It's actually an ongoing process of finding balance between the fair's classic rural focus on farms and the interests of the region's increasingly urban population.

"Fairs started out as a way for farmers in a local area to come together and showcase their crops and animals, what they were proud of," said John Morrison, manager of the Clark County Fair. "But over the last several years we've seen a decrease in agriculture in Clark County, both in terms of number of farms and animals. So my goal is to keep the fair agricultural, but also keep it relevant."

Finding the right balance is a problem facing fairs all over the country. The underlying goal of most state and county fairs is to help people understand the importance of agriculture, but if you don't provide good entertainment to go with that, people won't come, Morrison said.

"Some fairs, in my mind, have become more carnival than fair," he said. "I've been very fortunate to keep a good agricultural mix and I feel very protective of that."

But as Clark County continues to grow more urban, Morrison has had to get more creative about keeping the farm elements strong.

"Frankly, we have relied on people outside of Clark County to make sure we have good animals and all the animals we need," Morrison said. "We still have a lot from Clark County, but the numbers have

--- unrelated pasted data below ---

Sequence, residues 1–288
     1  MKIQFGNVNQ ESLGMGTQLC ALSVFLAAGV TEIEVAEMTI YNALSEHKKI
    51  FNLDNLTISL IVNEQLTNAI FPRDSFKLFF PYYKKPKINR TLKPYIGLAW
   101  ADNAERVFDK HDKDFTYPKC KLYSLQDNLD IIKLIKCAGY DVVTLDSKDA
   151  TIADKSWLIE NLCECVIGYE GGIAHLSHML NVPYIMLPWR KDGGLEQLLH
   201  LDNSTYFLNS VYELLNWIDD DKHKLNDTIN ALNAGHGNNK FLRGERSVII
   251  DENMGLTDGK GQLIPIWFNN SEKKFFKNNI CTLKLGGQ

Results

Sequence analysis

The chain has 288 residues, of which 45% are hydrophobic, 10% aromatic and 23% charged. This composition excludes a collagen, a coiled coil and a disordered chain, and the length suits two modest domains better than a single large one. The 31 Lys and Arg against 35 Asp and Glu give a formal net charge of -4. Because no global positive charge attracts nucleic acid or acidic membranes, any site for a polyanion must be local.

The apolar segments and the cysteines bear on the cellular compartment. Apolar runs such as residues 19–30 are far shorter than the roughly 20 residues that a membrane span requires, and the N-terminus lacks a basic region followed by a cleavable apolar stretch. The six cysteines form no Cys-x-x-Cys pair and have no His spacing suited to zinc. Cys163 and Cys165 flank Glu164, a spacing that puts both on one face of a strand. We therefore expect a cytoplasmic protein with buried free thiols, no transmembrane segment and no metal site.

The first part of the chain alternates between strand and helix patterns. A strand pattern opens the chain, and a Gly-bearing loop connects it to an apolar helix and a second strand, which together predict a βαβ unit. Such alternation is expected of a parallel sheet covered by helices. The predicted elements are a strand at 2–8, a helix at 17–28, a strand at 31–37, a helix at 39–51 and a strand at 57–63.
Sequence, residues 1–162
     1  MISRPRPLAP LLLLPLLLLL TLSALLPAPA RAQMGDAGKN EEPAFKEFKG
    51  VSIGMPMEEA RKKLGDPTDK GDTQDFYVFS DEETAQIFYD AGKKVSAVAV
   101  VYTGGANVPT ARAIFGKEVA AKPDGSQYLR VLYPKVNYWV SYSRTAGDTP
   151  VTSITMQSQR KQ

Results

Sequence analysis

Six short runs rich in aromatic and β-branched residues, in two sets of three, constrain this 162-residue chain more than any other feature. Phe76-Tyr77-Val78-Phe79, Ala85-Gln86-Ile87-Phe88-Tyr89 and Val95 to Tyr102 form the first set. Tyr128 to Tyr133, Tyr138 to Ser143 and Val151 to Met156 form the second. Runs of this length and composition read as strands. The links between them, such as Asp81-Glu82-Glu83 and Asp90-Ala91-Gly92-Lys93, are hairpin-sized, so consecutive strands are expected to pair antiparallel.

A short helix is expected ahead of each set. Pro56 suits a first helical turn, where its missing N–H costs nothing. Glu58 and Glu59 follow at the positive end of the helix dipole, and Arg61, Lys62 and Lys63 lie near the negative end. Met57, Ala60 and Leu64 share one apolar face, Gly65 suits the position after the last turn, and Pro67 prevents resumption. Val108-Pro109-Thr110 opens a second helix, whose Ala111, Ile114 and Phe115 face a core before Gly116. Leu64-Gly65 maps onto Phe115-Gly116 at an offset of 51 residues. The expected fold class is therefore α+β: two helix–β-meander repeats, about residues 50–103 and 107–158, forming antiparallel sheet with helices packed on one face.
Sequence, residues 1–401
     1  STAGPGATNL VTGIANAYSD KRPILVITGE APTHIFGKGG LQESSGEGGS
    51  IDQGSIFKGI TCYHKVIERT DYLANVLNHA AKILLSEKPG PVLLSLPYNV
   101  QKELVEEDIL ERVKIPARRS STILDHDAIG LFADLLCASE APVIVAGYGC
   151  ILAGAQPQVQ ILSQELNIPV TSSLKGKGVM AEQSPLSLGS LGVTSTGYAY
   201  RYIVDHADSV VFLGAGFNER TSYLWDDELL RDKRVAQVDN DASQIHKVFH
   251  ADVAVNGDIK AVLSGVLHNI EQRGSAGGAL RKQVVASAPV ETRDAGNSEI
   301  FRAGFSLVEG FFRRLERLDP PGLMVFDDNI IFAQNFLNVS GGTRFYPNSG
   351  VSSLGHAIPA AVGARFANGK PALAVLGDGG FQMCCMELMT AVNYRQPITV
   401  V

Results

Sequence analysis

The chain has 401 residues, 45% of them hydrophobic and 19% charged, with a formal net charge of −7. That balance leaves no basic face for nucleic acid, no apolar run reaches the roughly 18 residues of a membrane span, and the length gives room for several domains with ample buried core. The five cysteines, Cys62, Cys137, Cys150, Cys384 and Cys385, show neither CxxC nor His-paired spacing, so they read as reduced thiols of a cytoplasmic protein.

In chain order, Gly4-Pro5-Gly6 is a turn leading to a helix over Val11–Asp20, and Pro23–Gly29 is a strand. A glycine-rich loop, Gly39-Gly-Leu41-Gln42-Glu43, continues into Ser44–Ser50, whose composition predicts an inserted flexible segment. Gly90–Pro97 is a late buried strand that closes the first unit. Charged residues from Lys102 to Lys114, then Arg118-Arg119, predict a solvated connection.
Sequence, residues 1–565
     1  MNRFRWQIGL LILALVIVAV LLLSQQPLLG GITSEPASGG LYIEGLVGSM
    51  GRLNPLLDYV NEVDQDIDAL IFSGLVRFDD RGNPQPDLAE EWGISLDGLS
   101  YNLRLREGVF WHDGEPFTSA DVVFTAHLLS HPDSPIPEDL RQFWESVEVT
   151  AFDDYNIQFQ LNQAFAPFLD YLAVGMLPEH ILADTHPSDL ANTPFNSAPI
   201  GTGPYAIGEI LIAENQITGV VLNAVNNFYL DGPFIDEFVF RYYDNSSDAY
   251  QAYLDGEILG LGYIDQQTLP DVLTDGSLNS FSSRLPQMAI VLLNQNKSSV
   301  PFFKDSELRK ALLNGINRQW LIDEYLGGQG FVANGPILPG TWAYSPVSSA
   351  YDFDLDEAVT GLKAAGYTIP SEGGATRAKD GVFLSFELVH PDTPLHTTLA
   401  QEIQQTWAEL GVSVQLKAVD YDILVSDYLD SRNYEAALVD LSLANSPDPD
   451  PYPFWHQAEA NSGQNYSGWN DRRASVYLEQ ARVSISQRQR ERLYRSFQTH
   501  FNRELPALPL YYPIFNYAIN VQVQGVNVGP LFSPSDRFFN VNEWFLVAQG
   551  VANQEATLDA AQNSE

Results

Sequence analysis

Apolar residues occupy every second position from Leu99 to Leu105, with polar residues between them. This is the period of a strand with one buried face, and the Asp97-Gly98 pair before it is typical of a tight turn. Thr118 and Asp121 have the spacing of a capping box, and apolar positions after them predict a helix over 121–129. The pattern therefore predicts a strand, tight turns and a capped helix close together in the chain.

been dropping. And rather than just let them dwindle, I decided to go outside of the county to ask people if they'd like to come."

The county numbers for some animals, like pygmy goats or rabbits, are great. But when it comes to beef and dairy, things get more scarce, he said.

And to encourage those outside of Clark County to bring needed animals, the fair pays for their care while they're in town, he added.

On the other side of the equation, the fair has been looking for ways to draw new audiences in from urban areas that might not be familiar with the region's farming history.

FairCon, which has video and card game tournaments, costumed role playing and a mini film festival; and Rock U, an exhibit on the history of rock 'n' roll, are aimed at reaching out to that demographic.

"That is a completely different slice of my customer base," Morrison said. "And I hear people are really excited about it."